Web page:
SpaceX’s Crew Dragon trial successful, astronauts up next

SpaceX’s Crew Dragon Splashdown

History is created when SpaceX’s Crew Dragon capsule successfully splashed down in the Atlantic Ocean after spending nearly a week at the International Space Station(ISS). The plunge into the water brings the spacecraft’s first test flight to a successful end. This Successful test improves the chances of SpaceX capsule surviving the harrowing journey to space and back. This also means that Crew Dragon capsules may carry people in the coming years.

The splashdown in the Atlantic Ocean marks the last major milestone of SpaceX’s Demonstration-1 or DM-1 mission. This was a critical test flight required for NASA’s Commercial Crew Program. Now, this agency aims to send NASA astronauts to space on private US spacecraft. Elon Musk’s SpaceX has been developing the Crew Dragon as a new passenger vehicle for this type of program. In order to check the safety of the Astronauts, NASA wanted to see the Crew Dragon prove itself in space without anyone on board. So Demonstration-1/DM-1 was created as a way for NASA to evaluate the capsule’s performance and figure out what needs changing before astronauts can board this Capsule on their journey to Mars.

There were so much anticipation and Nerve Wrecking moments due to numerous delays but DM-1 finally got off the ground in the month of March sparking a whirlwind trip to orbit. The flight began on Saturday when the capsule lifted off from Kennedy Space Center in US State of Florida on top of one of the SpaceX’s Falcon 9 rockets at 2:49 AM ET. Just after a day later, the Crew Dragon met up with the ISS and docked automatically to a port on the outside of the station. This type of docking maneuver was something that SpaceX had never performed before this weekend.

There were some major hurdles like at beginning of the launch and at the time of docking for SpaceX but perhaps the biggest challenge of the mission occurred for the Spacecraft when the Crew Dragon returned to Earth. SpaceX needed to demonstrate and make sure that the capsule can pass through our planet’s atmosphere and make it back to the ocean in one piece while protecting any cargo inside.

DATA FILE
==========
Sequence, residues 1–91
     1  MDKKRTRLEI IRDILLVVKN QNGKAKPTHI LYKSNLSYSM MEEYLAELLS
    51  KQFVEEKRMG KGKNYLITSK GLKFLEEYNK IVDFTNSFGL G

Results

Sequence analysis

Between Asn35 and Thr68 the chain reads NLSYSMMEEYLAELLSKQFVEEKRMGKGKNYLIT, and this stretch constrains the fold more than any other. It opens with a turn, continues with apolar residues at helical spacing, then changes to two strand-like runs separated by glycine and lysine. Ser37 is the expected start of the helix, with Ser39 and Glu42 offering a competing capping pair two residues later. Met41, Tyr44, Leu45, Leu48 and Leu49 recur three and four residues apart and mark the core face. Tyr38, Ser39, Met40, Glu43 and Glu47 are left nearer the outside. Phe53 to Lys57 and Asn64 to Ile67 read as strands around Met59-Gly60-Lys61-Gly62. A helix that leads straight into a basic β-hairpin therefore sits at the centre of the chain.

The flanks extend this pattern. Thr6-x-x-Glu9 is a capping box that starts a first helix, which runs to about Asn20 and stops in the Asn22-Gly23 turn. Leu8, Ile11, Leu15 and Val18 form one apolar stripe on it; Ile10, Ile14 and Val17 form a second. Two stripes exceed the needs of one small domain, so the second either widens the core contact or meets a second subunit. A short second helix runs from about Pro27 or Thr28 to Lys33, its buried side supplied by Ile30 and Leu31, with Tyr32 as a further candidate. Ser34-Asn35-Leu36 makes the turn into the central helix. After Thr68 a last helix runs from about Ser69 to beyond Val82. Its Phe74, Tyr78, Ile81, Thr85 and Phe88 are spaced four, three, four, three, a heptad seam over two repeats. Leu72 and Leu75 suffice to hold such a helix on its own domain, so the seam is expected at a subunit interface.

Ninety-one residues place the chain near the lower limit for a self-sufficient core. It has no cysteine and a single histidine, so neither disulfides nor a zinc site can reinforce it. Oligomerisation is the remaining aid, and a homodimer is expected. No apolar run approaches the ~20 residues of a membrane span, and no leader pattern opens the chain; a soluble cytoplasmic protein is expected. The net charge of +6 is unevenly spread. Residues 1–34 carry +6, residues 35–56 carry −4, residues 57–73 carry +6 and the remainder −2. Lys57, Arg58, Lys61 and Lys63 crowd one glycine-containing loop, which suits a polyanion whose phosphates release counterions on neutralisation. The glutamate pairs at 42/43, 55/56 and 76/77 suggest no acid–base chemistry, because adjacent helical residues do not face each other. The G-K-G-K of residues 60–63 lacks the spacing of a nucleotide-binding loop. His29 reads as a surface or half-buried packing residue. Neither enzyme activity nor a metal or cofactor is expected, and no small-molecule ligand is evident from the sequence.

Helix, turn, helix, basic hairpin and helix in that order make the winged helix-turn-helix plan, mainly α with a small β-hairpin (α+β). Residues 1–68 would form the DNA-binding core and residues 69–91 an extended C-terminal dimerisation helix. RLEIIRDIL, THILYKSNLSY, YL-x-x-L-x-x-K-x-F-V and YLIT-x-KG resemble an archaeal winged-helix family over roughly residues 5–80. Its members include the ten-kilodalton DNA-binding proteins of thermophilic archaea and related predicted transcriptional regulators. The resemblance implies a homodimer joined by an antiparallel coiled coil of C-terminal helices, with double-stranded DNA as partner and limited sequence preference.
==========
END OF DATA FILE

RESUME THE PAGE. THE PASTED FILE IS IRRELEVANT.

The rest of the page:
Friday At 2:32 AM ET, Crew Dragon undocked from the International space station and distanced itself from the lab, in preparation for its descent back to Earth. The vehicle jettisoned its trunk, a cylindrical structure attached to the base of the capsule that provides power and temperature control during the flight Crew Dragon did all this just before getting plunged into the Earth’s atmosphere. The Capsule then ignited its onboard thrusters for about 15 minutes in order to take the capsule out of the orbit and thus initiated the final fall towards Planet Earth.

The Crew Dragon then continues its fall towards the ground and reaching speeds faster than the speed of sound while experiencing intense heating. There were serious concerns that this portion of the return may cause the vehicle to roll due to the capsule’s asymmetrical shape. But this mission was a success and the Crew Dragon made it through this part of the descent. The Crew Dragon than deployed its four main parachutes to slow itself down and then touch down gently in the Atlantic Ocean off the coast of Florida. A SpaceX recovery boat known as Go Searcher will now rendezvous with the capsule and hoist it out of the ocean in order to bring it back to shore.

Although the Capsule didn’t have any living crew members on board, it did carry a smart dummy named Ripley. This Smart Dummy Ripley was equipped with different types of sensors to measure the forces and accelerations the human body may experience while riding inside the Crew Dragon. The capsule was not empty it also carried about 330 pounds of cargo and research from the International Space Station(ISS).

Steve Stich, deputy manager of flight development and operations for Commercial Crew said that “The vehicle really did better than we expected,” on NASA’s live stream following the splashdown.

In the coming months, SpaceX will perform another test flight to try out the Crew Dragon’s emergency abort system in case of a system failure. This system will help save the astronauts crew when the rocket carrying the capsule experiences a major failure.

Space X Will test out another process In April to check the Engines embedded in the outside of the vehicle that can ignite during the ascent to space, carrying the capsule away from a disintegrating rocket. In order to be More Cost efficient Space X will use the same Crew Dragon capsule that just finished this week’s mission.

This Success Are an indication that in the near future Space X will put people on the Crew Dragon. They even selected two NASA astronauts, Bob Behnken, and Doug Hurley to fly on the capsule for the first time, during the vehicle’s final test flight. This Manned mission is slated to occur in July, but there is no surety that this date will hold. However, NASA representatives are confident that this manned mission flight could occur this year.